Meet the Red Queen of Palenque. She lived around the time of the city’s greatest grandeur under K’inich Janaab’ Pakal I (King Pakal the Great) in the 600s CE. When she died she was between 50 and 60 years old, and stood a little over 5 feet tall. In her lifetime she must have been important. The lavish tomb she was buried in, at the heart of Temple XIII, is evidence of her high status and high respect.
Her tomb was found sealed by a wall in a corridor inside Temple XIII. When archaeologists removed the stones blocking the passage, they found first the body of a male between 11 and 12. Just beyond him was also an adult female roughly in her thirties. Both bore signs of fatal injuries – sacrificed to accompany the Red Queen on her journey to the afterlife.
Then there is the woman herself, buried in a sarcophagus made of a single block of heavy limestone. Inside, surrounded by lavish grave goods, she wears an intricate mask of malachite and a jade tiara. Everything in the grave’s interior, the mask, the body, the jewel-encrusted treasures, were covered in powdered cinnabar. That’s the common term for poisonous mercuric sulfide. Besides being toxic, mercuric sulfide has a bright red color which we know was a popular color with the ancient Maya. As the tomb’s occupant decomposed her very bones were stained red. Researchers still do not know why the sarcophagus’ interior was liberally coated with a poisonous red powder. But it gave the elite inhabitant her nickname: the Red Queen.
Additionally, I converted them a couple of rascals to watch.
4t2 AF and AM Bear Suit 4t2 AF and AM Raccoon Suit
Everyday outfits. Also categorized as Outerwear. For both male and female. Works best with invisible or bald heads. Bone assignments can be a little wonky. Comes in all original EAxis colors Even those stupid neon colors.
Based on a post I saw by Barnes and Nobles, I decided I’d do book recommendations based on your favorite Disney Princess! The post by B&N only included, like, six princesses and there are so many awesome lead females so I included a lot of Disney female leads in the princess category (17 Disney ladies, total!) Also, warning, most of these are fantasy books because most of the Disney ladies come from fantasy and fairy tales.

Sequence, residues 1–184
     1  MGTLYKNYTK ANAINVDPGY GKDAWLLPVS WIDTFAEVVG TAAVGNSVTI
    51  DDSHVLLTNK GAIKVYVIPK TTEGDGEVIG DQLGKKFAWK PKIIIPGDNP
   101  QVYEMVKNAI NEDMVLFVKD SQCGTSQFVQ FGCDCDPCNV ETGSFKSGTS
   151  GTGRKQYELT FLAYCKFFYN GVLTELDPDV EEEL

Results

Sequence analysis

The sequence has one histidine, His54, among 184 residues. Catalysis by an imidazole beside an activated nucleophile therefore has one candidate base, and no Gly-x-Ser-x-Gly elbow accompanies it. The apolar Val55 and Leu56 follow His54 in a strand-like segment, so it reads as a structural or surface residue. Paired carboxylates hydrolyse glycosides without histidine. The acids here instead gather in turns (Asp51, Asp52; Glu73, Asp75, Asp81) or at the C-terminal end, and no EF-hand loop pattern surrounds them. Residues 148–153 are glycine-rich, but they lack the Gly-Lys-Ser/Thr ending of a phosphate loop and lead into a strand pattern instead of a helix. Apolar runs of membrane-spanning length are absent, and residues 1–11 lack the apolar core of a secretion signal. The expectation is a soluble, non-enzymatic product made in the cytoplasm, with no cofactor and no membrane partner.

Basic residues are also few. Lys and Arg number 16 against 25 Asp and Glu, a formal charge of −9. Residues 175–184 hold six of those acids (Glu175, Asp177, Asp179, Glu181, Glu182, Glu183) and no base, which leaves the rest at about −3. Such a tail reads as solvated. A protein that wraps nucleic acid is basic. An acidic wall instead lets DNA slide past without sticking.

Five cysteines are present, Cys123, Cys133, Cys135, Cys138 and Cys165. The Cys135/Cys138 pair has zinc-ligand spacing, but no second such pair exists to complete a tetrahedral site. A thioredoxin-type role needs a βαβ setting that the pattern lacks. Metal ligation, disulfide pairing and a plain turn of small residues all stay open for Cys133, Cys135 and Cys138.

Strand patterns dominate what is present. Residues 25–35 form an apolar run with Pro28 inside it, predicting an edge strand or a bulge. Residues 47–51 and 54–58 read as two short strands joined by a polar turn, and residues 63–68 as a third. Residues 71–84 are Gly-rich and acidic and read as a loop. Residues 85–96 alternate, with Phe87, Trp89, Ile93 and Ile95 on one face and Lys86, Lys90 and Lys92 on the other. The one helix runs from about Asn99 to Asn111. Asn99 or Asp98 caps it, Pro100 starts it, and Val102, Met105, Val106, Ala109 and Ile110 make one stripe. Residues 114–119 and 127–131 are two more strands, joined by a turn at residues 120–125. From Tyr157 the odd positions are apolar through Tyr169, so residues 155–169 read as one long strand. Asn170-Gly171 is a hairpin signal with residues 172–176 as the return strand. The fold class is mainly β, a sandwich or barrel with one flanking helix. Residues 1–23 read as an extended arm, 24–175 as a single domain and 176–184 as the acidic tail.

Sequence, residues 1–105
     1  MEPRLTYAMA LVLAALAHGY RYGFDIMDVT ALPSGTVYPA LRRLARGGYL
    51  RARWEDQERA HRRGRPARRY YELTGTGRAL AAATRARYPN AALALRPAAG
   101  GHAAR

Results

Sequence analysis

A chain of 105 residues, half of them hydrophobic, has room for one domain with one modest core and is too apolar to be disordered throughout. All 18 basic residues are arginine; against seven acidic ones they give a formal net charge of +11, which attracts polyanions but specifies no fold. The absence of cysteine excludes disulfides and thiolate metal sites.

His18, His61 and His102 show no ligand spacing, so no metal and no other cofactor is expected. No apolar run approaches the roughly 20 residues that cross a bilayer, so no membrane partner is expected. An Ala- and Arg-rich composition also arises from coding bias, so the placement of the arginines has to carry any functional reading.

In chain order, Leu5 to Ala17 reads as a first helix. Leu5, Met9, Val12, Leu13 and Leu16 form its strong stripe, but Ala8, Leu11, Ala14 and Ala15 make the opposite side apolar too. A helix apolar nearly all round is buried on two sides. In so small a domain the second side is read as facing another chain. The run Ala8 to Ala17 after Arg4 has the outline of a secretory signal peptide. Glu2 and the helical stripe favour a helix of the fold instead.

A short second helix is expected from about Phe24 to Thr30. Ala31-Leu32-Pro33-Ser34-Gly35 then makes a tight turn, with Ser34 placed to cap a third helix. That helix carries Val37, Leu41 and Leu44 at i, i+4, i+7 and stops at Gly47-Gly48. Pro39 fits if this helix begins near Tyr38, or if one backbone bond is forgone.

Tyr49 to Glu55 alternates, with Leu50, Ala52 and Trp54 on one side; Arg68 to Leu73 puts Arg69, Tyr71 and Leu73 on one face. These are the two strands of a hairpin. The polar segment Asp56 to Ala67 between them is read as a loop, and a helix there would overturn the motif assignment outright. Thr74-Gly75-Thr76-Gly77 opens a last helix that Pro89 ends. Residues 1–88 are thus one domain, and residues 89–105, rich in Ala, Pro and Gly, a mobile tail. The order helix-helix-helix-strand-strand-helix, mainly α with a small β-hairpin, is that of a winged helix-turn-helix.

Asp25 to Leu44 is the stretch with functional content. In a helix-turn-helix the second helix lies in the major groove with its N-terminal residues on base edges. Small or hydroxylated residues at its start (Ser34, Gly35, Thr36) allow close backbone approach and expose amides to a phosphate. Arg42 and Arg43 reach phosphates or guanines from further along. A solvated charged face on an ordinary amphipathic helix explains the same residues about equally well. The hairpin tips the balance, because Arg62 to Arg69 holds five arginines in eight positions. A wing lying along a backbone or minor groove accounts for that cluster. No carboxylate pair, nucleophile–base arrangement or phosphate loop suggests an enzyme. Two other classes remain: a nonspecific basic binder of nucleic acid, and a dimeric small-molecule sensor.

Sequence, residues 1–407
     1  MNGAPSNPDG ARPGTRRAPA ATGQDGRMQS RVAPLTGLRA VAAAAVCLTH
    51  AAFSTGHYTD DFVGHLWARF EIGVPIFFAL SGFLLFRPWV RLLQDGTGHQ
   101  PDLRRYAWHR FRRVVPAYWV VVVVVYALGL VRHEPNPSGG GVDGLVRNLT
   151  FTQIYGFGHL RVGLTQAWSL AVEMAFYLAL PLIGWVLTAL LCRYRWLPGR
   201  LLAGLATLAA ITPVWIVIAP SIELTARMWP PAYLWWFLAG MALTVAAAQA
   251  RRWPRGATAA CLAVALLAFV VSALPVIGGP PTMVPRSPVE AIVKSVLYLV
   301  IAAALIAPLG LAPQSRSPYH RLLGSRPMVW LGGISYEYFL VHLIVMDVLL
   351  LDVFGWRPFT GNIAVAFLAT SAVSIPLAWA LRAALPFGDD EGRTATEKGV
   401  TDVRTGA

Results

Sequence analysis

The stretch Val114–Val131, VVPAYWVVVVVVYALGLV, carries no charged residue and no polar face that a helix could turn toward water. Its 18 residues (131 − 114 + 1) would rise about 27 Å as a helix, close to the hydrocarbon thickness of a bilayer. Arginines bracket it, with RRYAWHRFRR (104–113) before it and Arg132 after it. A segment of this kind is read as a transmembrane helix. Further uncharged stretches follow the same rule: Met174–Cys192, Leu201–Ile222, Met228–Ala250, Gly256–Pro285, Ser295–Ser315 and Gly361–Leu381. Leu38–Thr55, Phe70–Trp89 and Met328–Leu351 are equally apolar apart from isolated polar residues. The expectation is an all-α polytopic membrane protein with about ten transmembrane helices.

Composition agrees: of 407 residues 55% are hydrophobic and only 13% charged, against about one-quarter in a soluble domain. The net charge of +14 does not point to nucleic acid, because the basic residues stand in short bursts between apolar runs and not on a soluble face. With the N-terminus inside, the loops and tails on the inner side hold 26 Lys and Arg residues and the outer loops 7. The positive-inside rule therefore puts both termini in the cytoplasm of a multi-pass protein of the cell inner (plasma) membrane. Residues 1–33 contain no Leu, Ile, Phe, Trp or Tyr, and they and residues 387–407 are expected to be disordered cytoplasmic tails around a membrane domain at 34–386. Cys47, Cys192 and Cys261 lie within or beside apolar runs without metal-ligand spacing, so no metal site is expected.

Snow White: Snow White was the first Disney Princess and very “traditional” in design. I looked for interesting retellings that spiced up the original story, like Stitching Snow by R.C. Lewiswhich has a Sci-Fi twist (and an excellent cover) andBoy, Snow, Bird by Helen Oyeyemi which deals with race and family in the early 1950s.
Cinderella: Did you know that the Throne of Glass series by Sarah J Maas was originally inspired by Cinderella, despite the series going in a decidedly different direction? Well it was, and I love that a simple fairy tale inspired an intense high fantasy series. Cinderella is also the inspiration forThe Lunar Chronicles by Marissa Meyer which is a sweeping and beautiful Science Fiction series that utilizes several fairy tale stories with kick-ass heroines and amazing plot lines that weave together for an epic saga.
Aurora: For the lovely Sleeping Beauty, I picked two books that have a focus on curses. First, Ella Enchanted by Gail Carson Levine. But wait, you cry, that’s a Cinderella retelling! Yes, yes it is. But Ella is cursed with obedience while Aurora was cursed with endless sleep. Both books are about young women fighting against magic restraints but Ella is able to get up and do more about it! My second recommendation is The Sevenwaters series by Juliet Marillier. It focuses on different young women shaping their own fates through curses, fae interference, and finding love. It does have triggers though, so be wary!
Belle: A Court of Thorns and Roses by Sarah J Maasis another Maas novel inspired by a fairy tale and while ACoTaR is a bit steamier and definitely different, it has all the elements of a Beauty and the Beast story but goes further. A second pick is The Winner’s Trilogy by Marie Rutkoski. A female protagonist whose strength is wit, not combat, and is dealing with a star-crossed love that has a poor outlook will be very suitable for Belle fans.
Jasmine:The Wrath and the Dawn by Renee Ahdiehwas inspired by 1001 Arabian Nights, the same series of stories where Aladdin originally appeared. It’s intoxicating love story and beautiful atmosphere is definitely on point. My other pick has to be Written in the Stars by Aisha Saeed, inspired by Jasmine’s cultural roots and the fact that Jasmine was almost forced into an arranged marriage herself.
Esmeralda: Esmeralda was a difficult lady to select books based on, but her Romani heritage and struggles are something many people should learn more about, so American Gypsy by Oksana Marafiotiis a novel to look out for, written by a Romani woman about her teenage years in America. For more fiction and fantasy Six of Crows by Leigh Bardugohas a character, Inej, from a nomadic tribe very similar to the Romani in how they are treated by others. Inej is just a kind-hearted and bad ass as Esmeralda herself!